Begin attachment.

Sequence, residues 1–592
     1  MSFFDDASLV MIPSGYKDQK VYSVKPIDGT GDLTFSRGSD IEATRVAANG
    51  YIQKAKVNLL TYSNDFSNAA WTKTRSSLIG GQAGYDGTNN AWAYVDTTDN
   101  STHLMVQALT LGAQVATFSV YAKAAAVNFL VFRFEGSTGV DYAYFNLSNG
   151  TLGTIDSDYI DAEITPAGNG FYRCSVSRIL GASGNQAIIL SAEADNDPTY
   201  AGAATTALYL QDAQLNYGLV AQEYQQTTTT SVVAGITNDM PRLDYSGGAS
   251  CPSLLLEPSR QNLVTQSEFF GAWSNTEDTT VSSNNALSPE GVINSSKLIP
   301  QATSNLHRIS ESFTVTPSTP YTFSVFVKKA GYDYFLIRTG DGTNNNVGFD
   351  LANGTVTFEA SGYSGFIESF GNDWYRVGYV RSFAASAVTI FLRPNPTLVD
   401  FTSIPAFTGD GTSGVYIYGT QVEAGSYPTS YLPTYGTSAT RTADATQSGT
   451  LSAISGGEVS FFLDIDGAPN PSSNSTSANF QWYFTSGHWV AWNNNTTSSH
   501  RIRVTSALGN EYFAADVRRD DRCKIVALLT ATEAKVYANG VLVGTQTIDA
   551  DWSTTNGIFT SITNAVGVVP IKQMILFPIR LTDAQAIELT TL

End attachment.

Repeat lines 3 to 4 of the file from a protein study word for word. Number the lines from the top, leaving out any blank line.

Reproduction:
    51  YIQKAKVNLL TYSNDFSNAA WTKTRSSLIG GQAGYDGTNN AWAYVDTTDN
   101  STHLMVQALT LGAQVATFSV YAKAAAVNFL VFRFEGSTGV DYAYFNLSNG